When Nujeen Mustafa fled war-torn Syria in 2015, she had no idea that her story would inspire people around the world.
Of course, the journey from her hometown of Aleppo to her brother’s home in Cologne, Germany, was very dangerous. However, she traveled all 3,500 miles without taking a single step. Nujeen has cerebral palsy, a disease that makes her unable to walk. The book that tells her story, Nujeen: One Girl’s Incredible Journey from War-torn Syria in a Wheelchair, was released in October.
The Syrian Civil War
Starting in 2010, citizens throughout the Middle East and Northern Africa began asking their governments for more freedom. These protests became known as the Arab Spring. Unfortunately, the Arab Spring met with strong government resistance. In March 2011, Syrian protesters faced police and military forces. Many accuse Syria’s president, Bashar al-Assad, of using violence against peaceful protesters. President Assad, however, maintains that the protesters are actually armed rebels who want to harm Syria.
Currently, the worst fighting in the Syrian Civil War is in Nujeen Mustafa’s home city, Aleppo. The battle is being fought between the western and eastern halves of the city. The west is held by the Syrian military, while the east is held by anti-government rebels. So far, hundreds of thousands of citizens have had to flee the war-torn city, creating a huge refugee population.
Nujeen Mustafa spent most of her first 16 years confined to her family’s apartment. Since the building had no elevators and Nujeen can’t walk, she couldn’t leave unless someone carried her. She had never traveled in a bus, train, boat, or plane.
Because Aleppo didn’t have schools for people with disabilities like cerebral palsy, Nujeen learned by watching television. She found out about history and science from documentaries. By watching American soap operas, she learned English.
Her family left Aleppo when the fighting worsened in 2015. Travel was expensive. They had traveled as far as the country of Turkey when her parents sent Nujeen and her sister ahead to Germany while they stayed behind. The sisters then traveled alone—Nujeen in her wheelchair with her older sister Nasrine available to push her. They traveled in taxis, trains, and boats.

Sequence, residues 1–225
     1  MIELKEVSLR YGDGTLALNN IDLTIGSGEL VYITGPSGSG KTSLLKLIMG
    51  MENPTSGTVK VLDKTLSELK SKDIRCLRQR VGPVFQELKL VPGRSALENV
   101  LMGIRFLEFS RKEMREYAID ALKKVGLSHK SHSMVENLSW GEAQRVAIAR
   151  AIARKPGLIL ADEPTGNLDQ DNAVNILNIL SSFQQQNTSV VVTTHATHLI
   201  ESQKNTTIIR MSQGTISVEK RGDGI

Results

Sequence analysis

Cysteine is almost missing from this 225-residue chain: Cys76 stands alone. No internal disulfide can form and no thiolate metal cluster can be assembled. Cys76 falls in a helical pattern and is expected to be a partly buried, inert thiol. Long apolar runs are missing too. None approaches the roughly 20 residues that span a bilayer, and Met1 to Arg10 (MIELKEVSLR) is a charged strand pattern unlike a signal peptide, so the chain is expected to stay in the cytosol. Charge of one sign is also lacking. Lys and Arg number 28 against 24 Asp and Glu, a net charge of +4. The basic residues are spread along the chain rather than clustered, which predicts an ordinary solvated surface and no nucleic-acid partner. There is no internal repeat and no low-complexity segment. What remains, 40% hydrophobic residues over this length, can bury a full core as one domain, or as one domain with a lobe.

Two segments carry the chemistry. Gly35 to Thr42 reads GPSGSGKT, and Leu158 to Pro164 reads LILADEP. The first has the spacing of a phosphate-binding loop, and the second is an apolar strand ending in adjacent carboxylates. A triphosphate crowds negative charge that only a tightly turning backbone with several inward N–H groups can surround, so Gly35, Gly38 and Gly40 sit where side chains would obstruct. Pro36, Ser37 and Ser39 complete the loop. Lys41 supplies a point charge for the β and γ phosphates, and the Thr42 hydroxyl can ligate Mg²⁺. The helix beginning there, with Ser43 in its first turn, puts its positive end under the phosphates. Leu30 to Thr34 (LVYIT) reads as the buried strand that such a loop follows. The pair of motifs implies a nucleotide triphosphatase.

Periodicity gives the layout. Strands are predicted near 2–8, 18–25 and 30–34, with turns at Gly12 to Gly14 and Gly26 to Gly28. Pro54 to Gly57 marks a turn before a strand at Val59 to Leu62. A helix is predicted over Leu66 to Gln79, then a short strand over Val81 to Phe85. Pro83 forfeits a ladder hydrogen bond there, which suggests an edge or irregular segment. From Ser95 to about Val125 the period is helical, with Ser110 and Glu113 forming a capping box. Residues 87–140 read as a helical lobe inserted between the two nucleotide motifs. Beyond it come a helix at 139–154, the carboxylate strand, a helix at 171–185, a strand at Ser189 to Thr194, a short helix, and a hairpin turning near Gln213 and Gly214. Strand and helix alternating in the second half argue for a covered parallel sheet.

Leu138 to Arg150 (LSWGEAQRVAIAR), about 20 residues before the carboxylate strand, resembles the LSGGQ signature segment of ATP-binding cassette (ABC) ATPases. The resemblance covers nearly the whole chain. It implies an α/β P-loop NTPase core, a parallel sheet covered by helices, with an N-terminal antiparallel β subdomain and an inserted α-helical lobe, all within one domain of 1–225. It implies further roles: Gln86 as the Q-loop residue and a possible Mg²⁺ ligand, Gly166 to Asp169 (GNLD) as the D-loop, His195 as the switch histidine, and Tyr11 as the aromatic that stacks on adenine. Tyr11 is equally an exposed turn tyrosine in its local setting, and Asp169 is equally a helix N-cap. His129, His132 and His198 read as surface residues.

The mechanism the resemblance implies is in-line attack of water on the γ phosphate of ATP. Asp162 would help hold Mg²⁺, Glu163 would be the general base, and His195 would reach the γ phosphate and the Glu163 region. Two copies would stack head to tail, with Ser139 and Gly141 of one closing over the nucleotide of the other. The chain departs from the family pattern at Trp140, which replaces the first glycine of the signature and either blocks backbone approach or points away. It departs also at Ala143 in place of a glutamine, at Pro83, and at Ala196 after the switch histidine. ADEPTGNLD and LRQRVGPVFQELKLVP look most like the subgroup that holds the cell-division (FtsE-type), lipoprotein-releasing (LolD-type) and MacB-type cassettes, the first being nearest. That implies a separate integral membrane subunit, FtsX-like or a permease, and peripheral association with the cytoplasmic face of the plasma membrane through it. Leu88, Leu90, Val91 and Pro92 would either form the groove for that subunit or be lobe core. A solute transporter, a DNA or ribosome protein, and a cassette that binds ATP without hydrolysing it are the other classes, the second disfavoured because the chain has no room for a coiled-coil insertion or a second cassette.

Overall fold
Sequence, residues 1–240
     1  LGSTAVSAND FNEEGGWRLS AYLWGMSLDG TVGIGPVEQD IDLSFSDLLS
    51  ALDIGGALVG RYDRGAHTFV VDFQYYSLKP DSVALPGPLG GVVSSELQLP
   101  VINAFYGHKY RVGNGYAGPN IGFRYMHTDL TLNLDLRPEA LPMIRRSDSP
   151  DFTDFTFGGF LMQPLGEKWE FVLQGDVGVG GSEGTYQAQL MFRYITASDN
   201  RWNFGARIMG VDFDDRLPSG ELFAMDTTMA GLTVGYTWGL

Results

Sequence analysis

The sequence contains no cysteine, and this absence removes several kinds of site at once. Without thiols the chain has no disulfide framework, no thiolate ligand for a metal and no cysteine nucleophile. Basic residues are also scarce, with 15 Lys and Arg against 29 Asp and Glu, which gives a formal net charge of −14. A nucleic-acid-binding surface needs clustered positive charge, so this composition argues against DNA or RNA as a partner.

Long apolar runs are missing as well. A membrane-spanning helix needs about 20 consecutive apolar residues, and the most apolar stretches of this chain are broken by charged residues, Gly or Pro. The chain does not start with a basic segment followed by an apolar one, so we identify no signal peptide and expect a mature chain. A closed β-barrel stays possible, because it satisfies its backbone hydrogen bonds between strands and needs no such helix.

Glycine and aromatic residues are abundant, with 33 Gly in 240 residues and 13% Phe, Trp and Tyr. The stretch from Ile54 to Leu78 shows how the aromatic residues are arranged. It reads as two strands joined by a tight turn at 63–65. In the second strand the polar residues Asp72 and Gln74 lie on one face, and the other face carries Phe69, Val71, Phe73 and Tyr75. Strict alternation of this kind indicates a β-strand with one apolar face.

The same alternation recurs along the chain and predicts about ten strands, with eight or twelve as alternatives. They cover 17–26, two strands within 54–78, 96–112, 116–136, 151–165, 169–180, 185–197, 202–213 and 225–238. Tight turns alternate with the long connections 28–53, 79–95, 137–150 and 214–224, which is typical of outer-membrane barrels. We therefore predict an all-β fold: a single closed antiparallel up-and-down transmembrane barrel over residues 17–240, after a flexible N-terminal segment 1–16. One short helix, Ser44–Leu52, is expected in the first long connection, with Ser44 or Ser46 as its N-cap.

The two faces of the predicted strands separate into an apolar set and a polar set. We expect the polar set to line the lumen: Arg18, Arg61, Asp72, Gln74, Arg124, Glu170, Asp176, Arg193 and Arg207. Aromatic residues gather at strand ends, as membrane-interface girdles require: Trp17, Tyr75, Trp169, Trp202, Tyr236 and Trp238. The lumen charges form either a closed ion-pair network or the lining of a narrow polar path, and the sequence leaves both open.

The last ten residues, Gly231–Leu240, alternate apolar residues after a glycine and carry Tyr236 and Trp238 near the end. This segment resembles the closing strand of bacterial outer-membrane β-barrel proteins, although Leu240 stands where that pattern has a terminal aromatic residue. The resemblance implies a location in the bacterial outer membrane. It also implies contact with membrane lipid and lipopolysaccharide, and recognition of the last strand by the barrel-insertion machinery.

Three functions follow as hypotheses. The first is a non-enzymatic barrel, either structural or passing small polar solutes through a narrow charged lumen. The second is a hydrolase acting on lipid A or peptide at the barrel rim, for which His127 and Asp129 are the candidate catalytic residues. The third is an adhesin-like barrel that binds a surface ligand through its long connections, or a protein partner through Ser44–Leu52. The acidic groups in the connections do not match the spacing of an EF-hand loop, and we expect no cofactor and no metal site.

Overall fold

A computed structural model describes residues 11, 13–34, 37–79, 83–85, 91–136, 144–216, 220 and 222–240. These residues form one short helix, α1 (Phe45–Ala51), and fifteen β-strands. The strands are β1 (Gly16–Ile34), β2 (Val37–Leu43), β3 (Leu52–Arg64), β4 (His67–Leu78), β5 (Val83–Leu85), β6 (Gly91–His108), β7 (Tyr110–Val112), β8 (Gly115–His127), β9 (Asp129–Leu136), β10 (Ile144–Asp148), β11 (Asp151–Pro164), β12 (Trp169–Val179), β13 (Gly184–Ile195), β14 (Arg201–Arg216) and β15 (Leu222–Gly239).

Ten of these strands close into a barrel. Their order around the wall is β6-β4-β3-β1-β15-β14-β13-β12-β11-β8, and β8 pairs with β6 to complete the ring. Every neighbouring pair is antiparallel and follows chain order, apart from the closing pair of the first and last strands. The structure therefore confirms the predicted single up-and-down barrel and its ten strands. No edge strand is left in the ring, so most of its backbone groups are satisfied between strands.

Life on the Road
Many migrants from Syria used social networking websites like Facebook and Whatsapp to learn about the best routes to travel, so the sisters soon realized that their smartphone was key to their success. Nujeen discovered that speaking English was useful, too. At first she thought cerebral palsy would make her a burden, but soon she was able to help other migrants by translating Arabic into English.
Once in Germany, Nujeen was actually sad. She was worried that she would again be confined to a small apartment. Germany, however, has schools for people with disabilities like cerebral palsy. Nujeen was able to learn German, as well as learn to play wheelchair basketball.
Currently, Nujeen is waiting for papers that will allow her to stay in Germany. She has also applied for papers that will allow her parents to travel from Turkey and join her in Germany. Until then, she speaks with them daily through Skype, a communication app.
Nujeen said she had no idea that her story would touch so many. “The reaction of other people to my journey really shocked me,” she said. “My life was so normal to me, I forgot that it’s going to be considered a weird thing for a wheelchair user who didn’t go to school, to speak English and do this journey across Europe. I was really happy, because I have people’s support, I have friends and to feel useful was awesome.”
Read an excerpt from Nujeen’s book at Harper Broadcast.